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Where Do The Sick Go? Health Insurance and Employment in Small and Large Firms

Author

Listed:
  • Kanika Kapur

    () (School of Economics, University College Dublin, Belfield, Dublin 4, Ireland)

  • José J. Escarce

    () (Division of General Internal Medicine and Health Services Research, Department of Medicine, David Geffen School of Medicine at UCLA, Los Angeles, CA 90095, USA)

  • M Susan Marquis

    () (RAND, 1200 South Hayes Street, Arlington, VA 22202, USA)

  • Kosali I. Simon

    () (Department of Policy Analysis and Management, Cornell University, Ithaca, NY 14853, USA)

Abstract

Small firms that offer health insurance to their employees may face variable premiums if the firm hires an employee with high-expected health costs. To avoid expensive premium variability, a small firm may attempt to maintain a workforce with low-expected health costs. In addition, workers with high-expected health costs may prefer employment in larger firms with health insurance rather than in smaller firms. This results in employment distortions. We examine the magnitude of these employment distortions in hiring, employment, and separations using the Medical Expenditure Panel Survey from 1996 to 2001. We find that workers with high-expected health costs are less likely to be new hires in insured small firms and are less likely to be employed in insured small firms. We find no evidence that state small group health insurance reforms designed to restrict insurers' ability to deny coverage and restrict premium variability have reduced the extent of these distortions.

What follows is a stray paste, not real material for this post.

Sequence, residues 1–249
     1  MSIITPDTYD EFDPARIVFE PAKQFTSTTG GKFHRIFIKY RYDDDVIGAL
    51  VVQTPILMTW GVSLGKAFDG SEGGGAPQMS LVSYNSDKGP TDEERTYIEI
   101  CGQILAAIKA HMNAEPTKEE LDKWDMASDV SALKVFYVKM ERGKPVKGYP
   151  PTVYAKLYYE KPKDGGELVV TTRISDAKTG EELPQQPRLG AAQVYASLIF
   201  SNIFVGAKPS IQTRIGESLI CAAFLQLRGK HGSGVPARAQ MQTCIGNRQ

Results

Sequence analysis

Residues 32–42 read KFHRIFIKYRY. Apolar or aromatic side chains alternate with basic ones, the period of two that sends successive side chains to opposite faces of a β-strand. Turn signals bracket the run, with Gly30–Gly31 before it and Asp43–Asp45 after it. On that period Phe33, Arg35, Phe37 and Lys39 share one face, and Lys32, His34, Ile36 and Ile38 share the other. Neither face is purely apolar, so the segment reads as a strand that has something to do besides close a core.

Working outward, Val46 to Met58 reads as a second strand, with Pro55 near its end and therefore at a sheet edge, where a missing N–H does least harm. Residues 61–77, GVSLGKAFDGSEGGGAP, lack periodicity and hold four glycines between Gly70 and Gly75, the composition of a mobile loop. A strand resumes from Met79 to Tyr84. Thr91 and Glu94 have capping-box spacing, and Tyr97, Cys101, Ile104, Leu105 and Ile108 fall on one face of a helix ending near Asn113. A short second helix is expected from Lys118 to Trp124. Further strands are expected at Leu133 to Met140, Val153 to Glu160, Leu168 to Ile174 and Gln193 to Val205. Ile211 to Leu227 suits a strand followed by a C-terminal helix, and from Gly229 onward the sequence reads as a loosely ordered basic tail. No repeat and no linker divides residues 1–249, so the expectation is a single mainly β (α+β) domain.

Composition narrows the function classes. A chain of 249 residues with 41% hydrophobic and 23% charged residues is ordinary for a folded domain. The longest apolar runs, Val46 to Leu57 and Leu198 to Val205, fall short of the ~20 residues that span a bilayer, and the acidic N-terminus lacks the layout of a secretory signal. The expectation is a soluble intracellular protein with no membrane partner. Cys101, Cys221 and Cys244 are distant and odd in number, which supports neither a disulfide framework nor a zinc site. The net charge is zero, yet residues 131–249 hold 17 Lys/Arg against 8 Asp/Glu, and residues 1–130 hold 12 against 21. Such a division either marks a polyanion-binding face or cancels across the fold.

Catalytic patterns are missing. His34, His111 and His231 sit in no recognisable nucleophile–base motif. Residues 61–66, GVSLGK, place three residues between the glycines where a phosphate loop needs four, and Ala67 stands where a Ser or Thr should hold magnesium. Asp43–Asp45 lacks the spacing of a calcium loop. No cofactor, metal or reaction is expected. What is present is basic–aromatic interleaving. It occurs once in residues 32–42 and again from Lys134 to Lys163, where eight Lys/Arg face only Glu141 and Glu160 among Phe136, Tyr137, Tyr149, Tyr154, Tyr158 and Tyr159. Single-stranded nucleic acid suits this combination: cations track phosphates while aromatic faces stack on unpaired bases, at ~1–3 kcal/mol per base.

Suggested Citation

  • Kanika Kapur & José J. Escarce & M Susan Marquis & Kosali I. Simon, 2008. "Where Do The Sick Go? Health Insurance and Employment in Small and Large Firms," Southern Economic Journal, Southern Economic Association, vol. 74(3), pages 644-664, January.
  • Handle: RePEc:sej:ancoec:v:74:3:y:2008:p:644-664
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    References listed on IDEAS

    as
    1. Kanika Kapur, 2003. "Labor Market Implications of State Small Group Health Insurance Reform," Public Finance Review, , vol. 31(6), pages 571-600, November.
    2. Alan C. Monheit & Jessica Primoff Vistnes, 1999. "Health Insurance Availability at the Workplace: How Important are Worker Preferences?," Journal of Human Resources, University of Wisconsin Press, vol. 34(4), pages 770-785.
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    Citations

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    Cited by:

    1. Stéphanie Lluis & Jean Abraham, 2013. "The Wage–Health Insurance Trade-off and Worker Selection: Evidence From the Medical Expenditure Panel Survey 1997 to 2006," Industrial Relations: A Journal of Economy and Society, Wiley Blackwell, vol. 52(2), pages 541-581, April.
    2. Andersen, Martin, 2015. "Heterogeneity and the effect of mental health parity mandates on the labor market," Journal of Health Economics, Elsevier, vol. 43(C), pages 74-84.
    3. Joanna N. Lahey, 2012. "The efficiency of a group‐specific mandated benefit revisited: The effect of infertility mandates," Journal of Policy Analysis and Management, John Wiley & Sons, Ltd., vol. 31(1), pages 63-92, December.
    4. H. Peters & Kosali Simon & Jamie Taber, 2014. "Marital Disruption and Health Insurance," Demography, Springer;Population Association of America (PAA), vol. 51(4), pages 1397-1421, August.
    5. Chu-Shiu Li & Chwen-Chi Liu & Yu-Chen Kuo & Chen-Sheng Yang, 2013. "Health insurance provision and labor contracts for small firms," Small Business Economics, Springer, vol. 40(2), pages 325-334, February.

    More about this item

    JEL classification:

    • J21 - Labor and Demographic Economics - - Demand and Supply of Labor - - - Labor Force and Employment, Size, and Structure
    • J63 - Labor and Demographic Economics - - Mobility, Unemployment, Vacancies, and Immigrant Workers - - - Turnover; Vacancies; Layoffs
    • I10 - Health, Education, and Welfare - - Health - - - General
    • I18 - Health, Education, and Welfare - - Health - - - Government Policy; Regulation; Public Health

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